Surely, the Finance Minister doth protest too much. What else did he expect? The old adage that those who do not learn from history are doomed to repeat it could not have been truer than in this case. The misuse of Article 356 of the constitution by the center to eject popularly elected governments in the states has been endemic. The worst abuser—starting with Nehru’s dismissal of Namboodiripad’s Communist government in Kerala in 1958—was the Congress.
Historically, the abuse of this constitutional provision (which originated from a 1935 British law), has been used to destabilize smaller political parties which play an important role in reinforcing the idea of cooperative federalism reflecting this nation’s huge social and linguistic diversities. It is only natural for voters entering and participating in the competitive political system to identify with familiar groups. They serve as ladders for social upward mobility. Congress’s Big Brother attitude towards regional groupings and parties earned it their hostility and suspicion. And now the BJP has stepped into the Congress’ shoes.
It came as no surprise, then, that regional parties starting with allies like the Shiv Sena and the Akali Dal publicly criticized the ruling BJP after the Arunachal coup. It sent warning shivers down the political spines of states like Manipur, Himachal Pradesh and Uttaranchal.
Given the history of Article 356 and the existence of the anti-defection law, the BJP leadership would have been wise not to carry the toppling strategy from Arunachal to Uttarakhand. Where once it dominated the social media space, the BJP was losing out to its critics and concerns mounted over the legal see-saw in Uttarakhand after declaration of President’s Rule a day before the floor test.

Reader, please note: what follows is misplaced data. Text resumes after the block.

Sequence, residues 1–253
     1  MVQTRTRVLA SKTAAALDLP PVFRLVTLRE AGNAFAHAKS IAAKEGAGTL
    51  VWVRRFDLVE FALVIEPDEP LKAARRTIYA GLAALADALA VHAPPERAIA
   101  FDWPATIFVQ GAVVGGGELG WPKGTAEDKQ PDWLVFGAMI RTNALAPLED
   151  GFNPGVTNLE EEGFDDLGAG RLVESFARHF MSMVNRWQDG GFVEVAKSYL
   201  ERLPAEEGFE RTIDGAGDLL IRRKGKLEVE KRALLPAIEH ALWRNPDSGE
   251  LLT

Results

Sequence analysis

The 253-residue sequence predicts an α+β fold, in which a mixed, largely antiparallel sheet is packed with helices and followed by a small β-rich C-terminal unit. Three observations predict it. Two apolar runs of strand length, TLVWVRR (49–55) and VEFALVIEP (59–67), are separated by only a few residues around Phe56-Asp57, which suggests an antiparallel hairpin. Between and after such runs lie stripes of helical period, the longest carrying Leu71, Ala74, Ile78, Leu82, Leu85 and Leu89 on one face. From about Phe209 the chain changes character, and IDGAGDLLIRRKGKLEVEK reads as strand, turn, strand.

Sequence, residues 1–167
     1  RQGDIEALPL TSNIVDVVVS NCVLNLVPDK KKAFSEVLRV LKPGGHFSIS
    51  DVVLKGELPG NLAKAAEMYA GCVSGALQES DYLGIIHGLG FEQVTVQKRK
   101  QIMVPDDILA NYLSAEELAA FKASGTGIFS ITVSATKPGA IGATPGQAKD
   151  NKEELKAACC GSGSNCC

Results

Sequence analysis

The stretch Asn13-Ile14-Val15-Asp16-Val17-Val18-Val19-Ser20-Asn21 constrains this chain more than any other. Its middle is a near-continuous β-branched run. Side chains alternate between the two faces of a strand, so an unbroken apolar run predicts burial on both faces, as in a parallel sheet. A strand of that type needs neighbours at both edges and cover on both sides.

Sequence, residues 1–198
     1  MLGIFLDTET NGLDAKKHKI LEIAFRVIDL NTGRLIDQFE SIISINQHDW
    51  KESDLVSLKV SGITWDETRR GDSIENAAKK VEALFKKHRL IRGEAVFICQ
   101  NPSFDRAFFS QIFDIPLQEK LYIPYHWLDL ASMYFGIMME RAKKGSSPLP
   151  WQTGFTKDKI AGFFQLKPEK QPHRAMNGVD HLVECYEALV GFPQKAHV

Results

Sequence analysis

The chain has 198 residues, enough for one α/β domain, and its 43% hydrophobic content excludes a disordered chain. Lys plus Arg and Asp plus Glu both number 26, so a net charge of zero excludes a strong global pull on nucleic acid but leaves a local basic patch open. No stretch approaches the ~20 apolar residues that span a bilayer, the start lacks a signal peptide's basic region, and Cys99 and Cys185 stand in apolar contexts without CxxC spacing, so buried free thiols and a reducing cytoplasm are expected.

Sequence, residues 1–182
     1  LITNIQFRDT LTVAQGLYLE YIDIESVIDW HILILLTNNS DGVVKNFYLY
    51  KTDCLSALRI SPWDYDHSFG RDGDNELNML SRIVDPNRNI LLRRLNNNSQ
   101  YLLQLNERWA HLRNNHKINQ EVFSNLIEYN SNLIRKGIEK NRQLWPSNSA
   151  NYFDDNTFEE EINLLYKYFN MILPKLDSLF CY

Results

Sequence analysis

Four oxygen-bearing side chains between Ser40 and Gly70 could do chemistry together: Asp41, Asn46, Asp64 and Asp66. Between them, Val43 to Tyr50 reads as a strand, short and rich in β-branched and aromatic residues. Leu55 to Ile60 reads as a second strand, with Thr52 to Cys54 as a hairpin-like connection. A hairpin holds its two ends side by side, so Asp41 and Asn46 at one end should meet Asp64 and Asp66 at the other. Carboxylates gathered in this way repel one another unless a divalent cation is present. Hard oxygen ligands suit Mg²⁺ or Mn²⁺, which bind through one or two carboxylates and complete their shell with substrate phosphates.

The floor test is the gold standard for gubernatorial intervention. The importance of this to establish the validity and legitimacy of a government was spelled out by a constitution bench in the Bommai case and in Rajasthan vs Union Of India. Of course, the judiciary would have to step in! Judicial review of such cases was clearly upheld in the Bommai judgment. As The Indian Express rightly said, Jaitley and other party leaders failed to convince the political class, ordinary citizens, and the courts that there was a constitutional breakdown in Uttarakhand (the only valid reason for imposition of President’s Rule).
In other words, Jaitley’s concern that the courts are stepping into the legislative branch’s shoes—at least in this case where history should have been a teacher—does not carry sufficient weight. It seems, in the public perception, that the government itself ceded this territory to the courts because of high-handed action.
And the courts came marching in, step by step, undoing the damage. Finally, the direct judicial supervision of the floor test was the sharpest message delivered in recent years by the apex court that it did not have faith in the central government’s or its state agents’ ability to conduct a fair and impartial voting exercise within the legislative chamber.
Any government, no matter how large its majority in the Lok Sabha would be well to learn from history. And some of that history is in writing—in the form of analyses and recommendations made by the Venkatachaliah Commission set up by the Vajpayee’s NDA government in 2000 “to review the working of the Constitution”. Relevant portions of this seminal work—based partly on the earlier Sarkaria Commission which reviewed center-state relations 1983-1988—are reproduced in the box that appears after this editorial.